At The Motley Fool, we poke plenty of fun at Wall Street analysts and their endless cycle of upgrades, downgrades, and "initiating coverage at neutral." Today, we're going to try and show you whether those bigwigs actually know what they're talking about. To help, we've enlisted Motley Fool CAPS to track the long-term performance of Wall Street's best and worst.

Shock therapy for A123
Investors in car battery upstart A123 Systems (Nasdaq: AONE) got a shock -- the good kind -- yesterday, when none other than market titan Goldman Sachs saw fit to upgrade their stock from "neutral" to "buy." That single vote of approval proved sufficient to lift A123 stock 11% on a day in which the broader markets were all deeply in the red -- unsurprising, considering that Goldman sees the stock rising 63% over the next 12 months (according to StreetInsider.com). But what is it about A123, exactly, that Goldman finds so attractive?

According to the analyst, there are at least four factors that argue in favor of buying A123 today:

  • First, the winning away of Fisker Automotive from rival Ener1 (NYSE: HEV) last year.
  • Second, the likelihood that A123 will build on that success by landing a "major OEM partner for battery systems on a global auto platform."
  • Third, the addition of a new CFO "bringing increased transparency" to the company.
  • Fourth and finally, the possibility that A123 will win an Advanced Technology Vehicles Manufacturing (ATVM) loan from the Department of Energy. (ATVM is a federal program subsidizing electric car battery development. Past winners have included Nissan, Tesla (Nasdaq: TSLA), and Ford (NYSE: F).)

Goldman thinks investors are underestimating the chances of A123 capitalizing on these opportunities, and "discounting just the current chapter of the story." In contrast, the analyst is focusing on these "specific catalysts that improve revenue visibility lie two to six months on the horizon." But is Goldman right about that? Are all the rest of us wrong?

Let's go to the tape
Actually, I'm not so sure that Goldman is (right), or we are (wrong) -- and for several reasons. To begin with, there's the analyst's anemic record in automotive stocks to contend with. As I mentioned yesterday in addressing Goldman's Harley-Davidson (NYSE: HOG) upgrade:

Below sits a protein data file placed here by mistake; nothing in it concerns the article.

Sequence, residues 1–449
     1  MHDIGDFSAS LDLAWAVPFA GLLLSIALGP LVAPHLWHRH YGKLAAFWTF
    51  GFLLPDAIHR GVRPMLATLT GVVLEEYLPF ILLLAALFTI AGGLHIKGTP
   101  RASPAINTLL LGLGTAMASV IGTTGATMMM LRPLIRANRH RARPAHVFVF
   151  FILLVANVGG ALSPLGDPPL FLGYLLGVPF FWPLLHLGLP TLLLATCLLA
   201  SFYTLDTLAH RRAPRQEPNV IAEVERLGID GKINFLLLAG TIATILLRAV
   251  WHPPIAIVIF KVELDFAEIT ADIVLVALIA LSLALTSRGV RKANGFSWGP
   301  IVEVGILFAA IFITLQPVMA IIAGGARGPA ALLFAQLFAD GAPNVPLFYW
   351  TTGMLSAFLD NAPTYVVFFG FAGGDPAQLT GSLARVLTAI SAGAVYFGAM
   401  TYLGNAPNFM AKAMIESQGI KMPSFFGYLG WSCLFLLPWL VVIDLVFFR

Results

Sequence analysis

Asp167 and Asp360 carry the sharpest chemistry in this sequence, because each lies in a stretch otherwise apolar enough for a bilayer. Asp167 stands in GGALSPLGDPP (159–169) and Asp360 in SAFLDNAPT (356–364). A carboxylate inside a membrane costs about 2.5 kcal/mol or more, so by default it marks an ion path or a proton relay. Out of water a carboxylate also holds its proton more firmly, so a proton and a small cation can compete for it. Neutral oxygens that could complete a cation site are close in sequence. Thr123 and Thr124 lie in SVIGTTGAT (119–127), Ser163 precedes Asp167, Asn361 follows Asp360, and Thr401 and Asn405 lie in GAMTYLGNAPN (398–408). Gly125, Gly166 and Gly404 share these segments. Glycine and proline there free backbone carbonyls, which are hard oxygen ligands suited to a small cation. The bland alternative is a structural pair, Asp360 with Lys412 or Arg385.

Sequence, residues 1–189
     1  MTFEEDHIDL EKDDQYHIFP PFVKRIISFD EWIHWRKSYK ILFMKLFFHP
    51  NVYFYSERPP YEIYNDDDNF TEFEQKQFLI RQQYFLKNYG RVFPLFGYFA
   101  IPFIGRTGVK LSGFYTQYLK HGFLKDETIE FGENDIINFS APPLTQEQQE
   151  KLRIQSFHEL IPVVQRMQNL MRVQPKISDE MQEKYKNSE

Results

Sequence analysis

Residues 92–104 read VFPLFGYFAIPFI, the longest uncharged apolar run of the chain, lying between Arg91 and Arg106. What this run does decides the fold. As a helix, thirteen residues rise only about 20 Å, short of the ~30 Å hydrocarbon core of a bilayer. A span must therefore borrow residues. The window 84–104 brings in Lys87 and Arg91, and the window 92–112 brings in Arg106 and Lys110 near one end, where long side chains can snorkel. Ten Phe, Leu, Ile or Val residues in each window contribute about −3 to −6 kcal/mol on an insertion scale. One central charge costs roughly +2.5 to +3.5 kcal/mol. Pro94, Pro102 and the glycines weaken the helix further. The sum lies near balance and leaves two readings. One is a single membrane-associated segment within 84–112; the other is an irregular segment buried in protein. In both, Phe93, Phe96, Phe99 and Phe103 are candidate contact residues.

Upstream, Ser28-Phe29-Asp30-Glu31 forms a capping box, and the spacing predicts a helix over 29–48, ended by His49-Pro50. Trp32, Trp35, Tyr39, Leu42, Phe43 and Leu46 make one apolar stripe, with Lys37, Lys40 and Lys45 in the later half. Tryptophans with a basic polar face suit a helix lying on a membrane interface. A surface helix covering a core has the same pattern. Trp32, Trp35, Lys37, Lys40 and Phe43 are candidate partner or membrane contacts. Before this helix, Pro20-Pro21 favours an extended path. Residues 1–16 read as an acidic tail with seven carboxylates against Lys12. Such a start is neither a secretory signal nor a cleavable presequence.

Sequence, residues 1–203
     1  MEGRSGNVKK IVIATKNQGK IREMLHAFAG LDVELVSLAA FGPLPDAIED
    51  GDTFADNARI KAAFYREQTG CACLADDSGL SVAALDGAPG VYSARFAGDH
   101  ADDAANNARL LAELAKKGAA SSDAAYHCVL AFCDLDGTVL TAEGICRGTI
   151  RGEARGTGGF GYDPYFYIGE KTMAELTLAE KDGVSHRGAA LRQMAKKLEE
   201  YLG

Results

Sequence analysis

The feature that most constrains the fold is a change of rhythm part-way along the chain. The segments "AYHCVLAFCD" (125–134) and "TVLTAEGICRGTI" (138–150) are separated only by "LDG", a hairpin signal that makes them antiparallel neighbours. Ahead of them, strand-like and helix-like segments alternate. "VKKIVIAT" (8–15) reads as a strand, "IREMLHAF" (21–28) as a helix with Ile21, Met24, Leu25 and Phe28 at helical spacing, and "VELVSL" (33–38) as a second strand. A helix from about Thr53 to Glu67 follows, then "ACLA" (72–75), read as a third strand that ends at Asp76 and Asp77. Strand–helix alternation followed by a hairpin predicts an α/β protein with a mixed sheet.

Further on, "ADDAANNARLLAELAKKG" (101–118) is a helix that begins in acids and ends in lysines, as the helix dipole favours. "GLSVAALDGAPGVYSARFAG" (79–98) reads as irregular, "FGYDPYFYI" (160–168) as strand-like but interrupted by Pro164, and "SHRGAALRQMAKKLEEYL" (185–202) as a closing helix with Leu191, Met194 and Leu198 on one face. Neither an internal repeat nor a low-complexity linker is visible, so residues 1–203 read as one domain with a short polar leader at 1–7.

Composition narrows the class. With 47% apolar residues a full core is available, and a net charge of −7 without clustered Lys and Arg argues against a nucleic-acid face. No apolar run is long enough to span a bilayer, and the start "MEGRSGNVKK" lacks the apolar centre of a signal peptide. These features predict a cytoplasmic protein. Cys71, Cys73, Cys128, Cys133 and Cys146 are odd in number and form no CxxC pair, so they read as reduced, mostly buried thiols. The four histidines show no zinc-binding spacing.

Goldman has managed to lose investors a good 40 points worth of market underperformance on its recommendation. It hasn't done much better with its other automotive industry picks, either, outperforming the market by only 10 percentage points on Ford (recommended early last year), while under-performing by 19 points on Honda Motor (NYSE: HMC) (likewise.)

In light of this record, I think investors would be wise to take Goldman's recommendation of any additional automotive stocks with a few grains of salt. I mean, yes, A123 has a partner already, but Fisker? It's hardly an automotive giant. And while it's true that A123 is promising to identify a true "major North American automaker" partner soon, so far, it's keeping mum on that OEM's identity. So far as we know, both General Motors (NYSE: GM) and Ford have hitched their respective wagons to Korea's LG Chem. I suppose it's possible one of those heavyweights will switch sides, or that Chrysler might expand on its historical support of A123 … but it's also possible nothing will ever come of A123's promise.

Foolish final thoughts
As far as Goldman's other entries in the "pros" column for A123 go, the mere hiring of a CFO isn't much of a reason to buy a stock, in my book -- I'm really not sure why Goldman thinks that qualifies as a "catalyst" that could help move A123 63%. And the fact that A123 is in line for a government handout -- that just highlights for me the cash-consuming nature of A123's business.

Last year alone, the company burned through more than $133 million in negative free cash flow. ($273 million burnt over the past five years.) Then last month, we heard the company's looking to sell at least $125 million in debt and sell 18 million shares in an attempt to raise the cash necessary to keep the lights on and the doors open till it reaches profitability.

When you get right down to it, I simply don't see much reason to own an unprofitable, dilutive, and cash-burning "business" such as A123. Then again, I'm not underwriting its stock and debt offerings. Want to guess who is? That's right: Goldman Sachs.

General Motors is a Motley Fool Inside Valueselection. Ford Motor is a Motley Fool Stock Advisorpick. The Fool owns shares of Ford Motor.

Fool contributor Rich Smith does not own (nor is he short) shares of any company named above. You can find him on CAPS, publicly pontificating under the handle TMFDitty, where he's currently ranked No. 542 out of more than 170,000 members. Fools may not all hold the same opinions, but we all believe that considering a diverse range of insights makes us better investors. The Motley Fool has a disclosure policy.